Univent, a new student-designed app, allows BYU students to integrate their Canvas and BYU Learning Suite assignments into an itemized checklist to better manage assignments across both platforms.
Jackson Vanderwerken, Univent product manager and BYU entrepreneurial management student, designed the app through the BYU Rollins Center Sandbox program. As the developers continue to work on the app, it is expected to become a safe social media space for on-campus events and discussions.
“The original vision for the app was actually to create kind of like a university hub for students at BYU,” Vanderwerken said.
Univent was inspired by the widely used Korean app Everytime, Vanderwerken explained. Everytime is a private online space for students from individual universities to discuss on-campus activities and organize and access assignments. According to its page on the Google Playstore, the Everytime app has served 3.5 million college students.
Vanderwerken wanted the app to aid digital student interaction and become a place where campus discussion, academic organization and scheduling could take place.
“We thought of the concept of a group and online presence … especially during COVID … would be nice for students to have,” Vanderwerken said.
Vanderwerken took his idea to the Rollins Center for Entrepreneurship and Technology during the COVID-19 pandemic, when most classes were still online. There he was able to organize a team of software developers who volunteered time to make the app what it is today.
“It (Sandbox) was one of the most rewarding experiences of my college experience,” Vanderwerken said.
Xander Hunt, an early mobile software developer for Univent and a computer science major at BYU, said Univent was envisioned to be a place for student clubs and campus leadership to post digital flyers for events. This feature would allow for clubs to “finally get in front of their students,” Hunt said.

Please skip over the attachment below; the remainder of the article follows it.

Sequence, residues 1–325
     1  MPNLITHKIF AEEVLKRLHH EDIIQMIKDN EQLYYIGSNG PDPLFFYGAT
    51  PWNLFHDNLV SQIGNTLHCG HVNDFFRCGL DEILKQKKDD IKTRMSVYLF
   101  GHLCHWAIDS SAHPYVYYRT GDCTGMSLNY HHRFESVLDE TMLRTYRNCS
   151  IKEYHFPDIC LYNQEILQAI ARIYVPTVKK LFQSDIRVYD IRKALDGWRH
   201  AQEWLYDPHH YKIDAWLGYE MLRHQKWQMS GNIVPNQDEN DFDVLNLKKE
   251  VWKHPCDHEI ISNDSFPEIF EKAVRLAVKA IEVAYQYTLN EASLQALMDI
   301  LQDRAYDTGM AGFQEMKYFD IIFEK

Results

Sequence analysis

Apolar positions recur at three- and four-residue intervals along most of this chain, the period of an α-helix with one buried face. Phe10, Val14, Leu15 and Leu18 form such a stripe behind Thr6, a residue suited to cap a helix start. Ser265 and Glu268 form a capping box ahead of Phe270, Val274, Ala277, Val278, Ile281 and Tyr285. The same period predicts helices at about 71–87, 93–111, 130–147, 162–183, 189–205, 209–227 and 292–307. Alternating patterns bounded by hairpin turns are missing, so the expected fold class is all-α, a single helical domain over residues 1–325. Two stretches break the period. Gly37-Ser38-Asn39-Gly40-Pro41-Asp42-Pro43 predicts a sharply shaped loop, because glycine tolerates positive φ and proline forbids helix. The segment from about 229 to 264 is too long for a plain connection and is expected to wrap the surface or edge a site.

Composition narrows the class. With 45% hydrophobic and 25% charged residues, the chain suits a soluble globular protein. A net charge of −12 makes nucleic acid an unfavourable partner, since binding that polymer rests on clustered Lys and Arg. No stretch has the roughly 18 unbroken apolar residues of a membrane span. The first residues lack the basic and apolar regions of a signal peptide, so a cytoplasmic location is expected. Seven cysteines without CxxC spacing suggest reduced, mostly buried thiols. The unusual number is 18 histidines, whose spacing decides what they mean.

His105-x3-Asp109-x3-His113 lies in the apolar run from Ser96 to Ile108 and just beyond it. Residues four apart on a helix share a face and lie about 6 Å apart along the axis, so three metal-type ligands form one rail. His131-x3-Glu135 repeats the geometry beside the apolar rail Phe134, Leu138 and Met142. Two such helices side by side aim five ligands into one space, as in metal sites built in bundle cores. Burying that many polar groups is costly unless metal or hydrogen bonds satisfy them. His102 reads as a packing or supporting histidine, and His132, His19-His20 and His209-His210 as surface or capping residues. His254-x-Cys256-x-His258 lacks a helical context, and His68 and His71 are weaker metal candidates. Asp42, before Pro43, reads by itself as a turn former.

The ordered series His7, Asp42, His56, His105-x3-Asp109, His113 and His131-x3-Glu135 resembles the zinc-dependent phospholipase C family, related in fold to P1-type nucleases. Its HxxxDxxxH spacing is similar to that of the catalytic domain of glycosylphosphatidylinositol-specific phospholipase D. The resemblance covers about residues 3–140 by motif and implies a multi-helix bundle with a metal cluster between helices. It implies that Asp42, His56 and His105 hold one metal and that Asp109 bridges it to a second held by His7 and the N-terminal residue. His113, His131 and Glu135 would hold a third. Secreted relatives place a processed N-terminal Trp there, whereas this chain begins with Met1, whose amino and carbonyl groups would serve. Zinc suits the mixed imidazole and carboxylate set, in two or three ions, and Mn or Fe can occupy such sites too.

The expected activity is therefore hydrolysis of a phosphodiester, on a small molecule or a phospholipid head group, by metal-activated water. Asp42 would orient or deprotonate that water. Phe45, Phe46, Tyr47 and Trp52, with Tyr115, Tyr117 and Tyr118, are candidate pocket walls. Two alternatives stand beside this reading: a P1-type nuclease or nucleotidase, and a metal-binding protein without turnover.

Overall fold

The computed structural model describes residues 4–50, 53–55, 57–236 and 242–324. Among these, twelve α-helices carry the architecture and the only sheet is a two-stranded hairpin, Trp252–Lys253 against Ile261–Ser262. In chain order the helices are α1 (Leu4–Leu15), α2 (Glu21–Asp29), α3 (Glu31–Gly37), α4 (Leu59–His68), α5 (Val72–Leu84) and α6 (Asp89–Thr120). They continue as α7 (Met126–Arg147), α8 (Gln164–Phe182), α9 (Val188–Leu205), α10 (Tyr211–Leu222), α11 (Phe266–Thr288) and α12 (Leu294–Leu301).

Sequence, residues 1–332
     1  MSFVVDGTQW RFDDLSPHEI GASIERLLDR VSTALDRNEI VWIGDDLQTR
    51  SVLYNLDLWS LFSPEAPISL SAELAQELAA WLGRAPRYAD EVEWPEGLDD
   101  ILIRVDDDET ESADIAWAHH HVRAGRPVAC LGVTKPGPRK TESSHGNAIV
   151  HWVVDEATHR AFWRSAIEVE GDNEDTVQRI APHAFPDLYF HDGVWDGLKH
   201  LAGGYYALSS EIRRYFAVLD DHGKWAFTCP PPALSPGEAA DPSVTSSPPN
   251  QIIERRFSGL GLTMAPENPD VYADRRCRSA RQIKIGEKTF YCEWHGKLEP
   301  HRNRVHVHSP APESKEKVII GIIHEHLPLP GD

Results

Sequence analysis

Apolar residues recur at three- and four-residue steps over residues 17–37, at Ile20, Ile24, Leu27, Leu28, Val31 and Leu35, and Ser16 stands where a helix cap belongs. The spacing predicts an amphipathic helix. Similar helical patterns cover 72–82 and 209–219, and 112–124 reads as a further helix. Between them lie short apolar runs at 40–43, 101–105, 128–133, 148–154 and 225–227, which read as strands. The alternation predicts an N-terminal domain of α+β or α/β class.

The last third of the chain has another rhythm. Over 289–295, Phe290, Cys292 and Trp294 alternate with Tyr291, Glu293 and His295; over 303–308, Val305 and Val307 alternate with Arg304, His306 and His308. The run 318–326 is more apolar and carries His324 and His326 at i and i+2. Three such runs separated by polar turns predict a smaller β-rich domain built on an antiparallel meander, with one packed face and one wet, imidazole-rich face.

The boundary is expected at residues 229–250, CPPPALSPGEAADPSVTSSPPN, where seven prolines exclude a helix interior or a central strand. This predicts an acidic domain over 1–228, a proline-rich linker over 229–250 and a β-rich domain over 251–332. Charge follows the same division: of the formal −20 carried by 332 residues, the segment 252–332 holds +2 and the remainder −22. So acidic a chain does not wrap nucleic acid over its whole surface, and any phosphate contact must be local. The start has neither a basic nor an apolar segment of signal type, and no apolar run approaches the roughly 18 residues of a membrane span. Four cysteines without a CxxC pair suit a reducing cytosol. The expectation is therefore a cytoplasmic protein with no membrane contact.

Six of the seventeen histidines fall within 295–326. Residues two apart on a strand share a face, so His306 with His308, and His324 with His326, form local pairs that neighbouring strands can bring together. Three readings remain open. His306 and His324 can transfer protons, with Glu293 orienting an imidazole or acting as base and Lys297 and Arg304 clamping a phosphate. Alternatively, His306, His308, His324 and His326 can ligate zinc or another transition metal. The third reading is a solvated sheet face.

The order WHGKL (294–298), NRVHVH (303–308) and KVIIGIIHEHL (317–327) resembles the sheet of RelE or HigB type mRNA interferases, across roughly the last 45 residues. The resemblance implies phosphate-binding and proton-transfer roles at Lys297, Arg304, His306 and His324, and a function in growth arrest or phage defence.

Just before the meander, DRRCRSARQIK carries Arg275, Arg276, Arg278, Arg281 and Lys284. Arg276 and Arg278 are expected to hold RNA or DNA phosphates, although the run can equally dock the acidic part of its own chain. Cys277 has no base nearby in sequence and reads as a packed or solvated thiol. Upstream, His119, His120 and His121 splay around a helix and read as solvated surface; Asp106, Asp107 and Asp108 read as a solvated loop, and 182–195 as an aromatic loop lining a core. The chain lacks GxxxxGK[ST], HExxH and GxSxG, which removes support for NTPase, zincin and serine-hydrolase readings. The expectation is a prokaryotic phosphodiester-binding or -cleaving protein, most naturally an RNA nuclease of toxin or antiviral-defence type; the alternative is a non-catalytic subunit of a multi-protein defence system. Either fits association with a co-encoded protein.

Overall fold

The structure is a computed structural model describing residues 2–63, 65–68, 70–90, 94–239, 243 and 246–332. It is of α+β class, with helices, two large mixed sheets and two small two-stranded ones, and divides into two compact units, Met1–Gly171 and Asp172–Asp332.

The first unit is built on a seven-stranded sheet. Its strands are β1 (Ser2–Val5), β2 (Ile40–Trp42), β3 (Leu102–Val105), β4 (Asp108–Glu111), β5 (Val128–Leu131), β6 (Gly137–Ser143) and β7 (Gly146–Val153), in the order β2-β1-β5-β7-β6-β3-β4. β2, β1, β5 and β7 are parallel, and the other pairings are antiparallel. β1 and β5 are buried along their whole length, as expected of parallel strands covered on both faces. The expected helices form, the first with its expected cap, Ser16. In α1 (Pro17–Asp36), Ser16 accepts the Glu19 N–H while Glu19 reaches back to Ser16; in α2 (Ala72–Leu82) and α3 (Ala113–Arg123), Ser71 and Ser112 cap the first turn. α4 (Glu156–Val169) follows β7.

Product manager Vanderwerken said this bulletin would also allow students to band together and “find their niche” in college. Hunt said the bulletin feature is still under development.
“Now that sandbox is over,” Vanderwerken said Univent “is something that will stay at BYU,” allowing the team to hone in on more BYU student-specific issues.
“We wanted to address a pain that students were experiencing. That pain is homework,” Vanderwerken said.
Vanderwerken noticed he and his peers struggled to organize assignments and know their “homework plans” ahead of time.
“I noticed students weren’t going to events because of homework,” Vanderwerken said. “Organizing my homework assignments was an assignment in itself.”
While students can access BYU Learning Suite through university apps and platforms, students are left to organize various assignments across additional learning management systems like Canvas.
Univent allows students to integrate their Learning Suite and Canvas assignment calendars. Because Learning Suite does not allow for an enhanced notification system, Vanderwerken explained classes are being updated consistently and are often leaving students wondering when and where an assignment is due.
Xander Hunt, a BYU computer science major and early software developer for Univent, explained the app combines student academic calendars through preexisting ICalendar links. ICalendar links from each Learning Suite and Canvas class are pasted into the Univent calendaring software. As each link is pasted, scheduled items and assignments are organized by date, class and even color.
“When someone invites you to something you should be able to check your homework situation first,” Vanderwerken said.
“There is still a lot of potential for the app,” Arvonen said.
Arvonen said the student scheduling feature is fully functioning and still proves useful to students with mobile devices but further app development is undetermined.